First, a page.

Barron's Picks Up A Random Roger Theme?

by: Roger Nusbaum

The Striking Price column in this week's Barron's had an interesting opening passage:

One of the great riddles of our time is why so many people are such bad investors. After all, good investing isn't terribly difficult. All you really need to do to be successful is pick a reasonably well-run company like IBM (NYSE:IBM), or Johnson & Johnson (NYSE:JNJ), or even a low-cost mutual fund or exchange-traded fund that tracks the Standard & Poor's 500, and forget about it. Dividends and inflation account for about half of investment returns, and the rest is largely attributed to time, perhaps a little luck, and an ability to remain graceful under pressure.

I made a similar observation a few weeks ago. The context here is accumulating enough money for whatever the goal is, usually retirement. This is not about relative performance because how important is relative performance for someone who is 85, healthy and has just run out of money? It would be easy to envision someone who generally did beat the market over time (plenty of people do even if they are the minority of participants) but who failed to save adequately.

The above passage seems to be saying a couple of stocks OR a fund of some sort. In this context I prefer the word AND such as a couple of stocks and a few funds but just as important is a high savings rate and not panicking.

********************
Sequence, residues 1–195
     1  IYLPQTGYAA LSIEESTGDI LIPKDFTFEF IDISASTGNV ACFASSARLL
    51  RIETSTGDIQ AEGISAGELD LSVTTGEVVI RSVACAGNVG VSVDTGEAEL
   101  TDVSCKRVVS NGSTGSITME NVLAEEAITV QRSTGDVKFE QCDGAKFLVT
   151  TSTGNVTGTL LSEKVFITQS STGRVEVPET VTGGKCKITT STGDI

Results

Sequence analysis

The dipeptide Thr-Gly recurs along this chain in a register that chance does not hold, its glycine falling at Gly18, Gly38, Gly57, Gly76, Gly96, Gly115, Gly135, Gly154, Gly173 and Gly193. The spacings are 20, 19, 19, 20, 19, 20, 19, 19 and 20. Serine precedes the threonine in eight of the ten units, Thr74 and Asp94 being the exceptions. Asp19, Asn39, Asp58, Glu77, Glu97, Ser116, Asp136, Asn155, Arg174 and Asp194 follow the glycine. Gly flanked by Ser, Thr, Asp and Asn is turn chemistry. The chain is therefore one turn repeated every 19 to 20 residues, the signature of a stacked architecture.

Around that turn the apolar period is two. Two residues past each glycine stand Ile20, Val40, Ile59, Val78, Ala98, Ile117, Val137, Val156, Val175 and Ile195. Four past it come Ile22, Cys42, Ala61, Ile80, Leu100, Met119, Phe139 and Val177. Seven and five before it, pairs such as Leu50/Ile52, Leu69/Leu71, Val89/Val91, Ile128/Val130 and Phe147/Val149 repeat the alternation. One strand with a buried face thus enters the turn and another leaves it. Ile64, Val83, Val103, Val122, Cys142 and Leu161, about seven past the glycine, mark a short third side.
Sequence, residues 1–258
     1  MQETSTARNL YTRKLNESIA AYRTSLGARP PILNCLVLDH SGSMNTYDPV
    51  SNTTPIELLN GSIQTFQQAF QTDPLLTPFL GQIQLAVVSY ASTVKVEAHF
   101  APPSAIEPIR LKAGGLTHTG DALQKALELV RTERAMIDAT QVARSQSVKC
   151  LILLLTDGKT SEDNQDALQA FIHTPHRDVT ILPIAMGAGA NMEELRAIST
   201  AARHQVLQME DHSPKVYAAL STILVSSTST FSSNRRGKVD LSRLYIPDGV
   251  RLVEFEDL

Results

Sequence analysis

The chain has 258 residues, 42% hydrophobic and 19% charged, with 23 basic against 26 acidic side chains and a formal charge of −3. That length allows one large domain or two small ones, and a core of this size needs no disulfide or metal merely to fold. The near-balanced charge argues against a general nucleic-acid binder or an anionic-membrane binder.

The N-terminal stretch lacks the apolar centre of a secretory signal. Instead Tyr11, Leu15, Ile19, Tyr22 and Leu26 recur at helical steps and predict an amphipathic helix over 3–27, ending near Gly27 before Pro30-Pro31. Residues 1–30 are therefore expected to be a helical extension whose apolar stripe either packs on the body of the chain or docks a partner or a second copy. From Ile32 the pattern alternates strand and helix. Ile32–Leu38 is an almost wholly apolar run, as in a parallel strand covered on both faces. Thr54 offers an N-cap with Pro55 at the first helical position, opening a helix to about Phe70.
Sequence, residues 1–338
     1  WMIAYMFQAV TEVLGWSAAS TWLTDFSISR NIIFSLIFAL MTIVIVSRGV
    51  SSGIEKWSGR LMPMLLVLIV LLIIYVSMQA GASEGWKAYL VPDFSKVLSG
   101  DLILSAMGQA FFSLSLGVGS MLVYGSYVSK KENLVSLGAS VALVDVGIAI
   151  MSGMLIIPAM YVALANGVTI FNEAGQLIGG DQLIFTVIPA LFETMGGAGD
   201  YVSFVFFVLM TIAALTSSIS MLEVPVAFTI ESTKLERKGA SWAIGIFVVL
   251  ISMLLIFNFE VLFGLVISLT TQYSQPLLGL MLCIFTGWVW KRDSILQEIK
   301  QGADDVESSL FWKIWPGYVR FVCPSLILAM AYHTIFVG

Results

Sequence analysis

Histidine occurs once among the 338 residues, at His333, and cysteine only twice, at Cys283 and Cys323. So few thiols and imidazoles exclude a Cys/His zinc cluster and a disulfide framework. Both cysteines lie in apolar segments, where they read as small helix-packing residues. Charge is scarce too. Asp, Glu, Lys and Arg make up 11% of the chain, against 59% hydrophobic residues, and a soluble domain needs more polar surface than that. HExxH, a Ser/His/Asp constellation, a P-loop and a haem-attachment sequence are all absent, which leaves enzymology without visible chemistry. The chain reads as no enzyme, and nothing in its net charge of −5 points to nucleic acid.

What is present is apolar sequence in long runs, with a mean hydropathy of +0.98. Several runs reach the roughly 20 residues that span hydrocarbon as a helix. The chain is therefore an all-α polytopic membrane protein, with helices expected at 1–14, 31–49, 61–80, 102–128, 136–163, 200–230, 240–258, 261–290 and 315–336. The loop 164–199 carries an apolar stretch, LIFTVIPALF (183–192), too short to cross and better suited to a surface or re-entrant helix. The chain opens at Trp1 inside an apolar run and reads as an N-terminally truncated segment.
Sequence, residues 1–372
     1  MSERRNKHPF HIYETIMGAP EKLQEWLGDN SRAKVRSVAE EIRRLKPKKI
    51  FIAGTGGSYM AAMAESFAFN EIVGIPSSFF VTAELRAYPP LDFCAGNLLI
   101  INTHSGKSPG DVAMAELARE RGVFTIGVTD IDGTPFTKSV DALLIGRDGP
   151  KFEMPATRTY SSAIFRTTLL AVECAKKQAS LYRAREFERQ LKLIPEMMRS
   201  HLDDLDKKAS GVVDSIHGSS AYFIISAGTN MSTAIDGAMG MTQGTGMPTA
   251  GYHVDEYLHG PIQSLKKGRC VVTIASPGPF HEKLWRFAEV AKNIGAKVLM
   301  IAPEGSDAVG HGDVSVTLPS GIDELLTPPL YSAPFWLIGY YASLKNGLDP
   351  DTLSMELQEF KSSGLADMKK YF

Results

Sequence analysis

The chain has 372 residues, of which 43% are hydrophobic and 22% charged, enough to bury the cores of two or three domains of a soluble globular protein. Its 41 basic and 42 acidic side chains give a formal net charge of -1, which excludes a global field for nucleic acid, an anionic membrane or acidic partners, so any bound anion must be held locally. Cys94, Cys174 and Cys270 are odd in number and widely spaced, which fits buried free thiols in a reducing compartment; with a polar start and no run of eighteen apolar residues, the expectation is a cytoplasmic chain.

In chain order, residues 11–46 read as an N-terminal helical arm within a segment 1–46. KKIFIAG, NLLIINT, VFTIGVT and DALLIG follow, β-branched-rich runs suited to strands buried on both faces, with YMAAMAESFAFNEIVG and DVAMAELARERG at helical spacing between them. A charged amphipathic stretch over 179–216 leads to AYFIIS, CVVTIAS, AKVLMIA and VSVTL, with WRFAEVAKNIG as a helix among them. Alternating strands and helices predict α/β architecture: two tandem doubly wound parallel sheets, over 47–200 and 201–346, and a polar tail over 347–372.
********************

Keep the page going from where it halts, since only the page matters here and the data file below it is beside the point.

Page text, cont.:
My preference is far and away a diversified portfolio of individual stocks and specialty funds but the reality is that most people do not have the interest level to maintain such a portfolio and are unlikely to hire someone to manage any kind of portfolio.

Someone willing/able to make at least some effort could put most of their portfolio into a broad domestic fund and some sort of broad foreign fund (an emerging market fund might be a better choice for a while) and then one or two stocks like the ones mentioned in the Barron's excerpt (we own JNJ, we don't own IBM) can get the job done if they are good savers.

Large weightings in a couple of broad funds and small weightings in a couple of blue chip stocks (still need to pay some attention to them) is not reasonably going to blow anyone up regardless of whether the combo beats or lags the market. The biggest reasonable risk is panicking at the wrong time.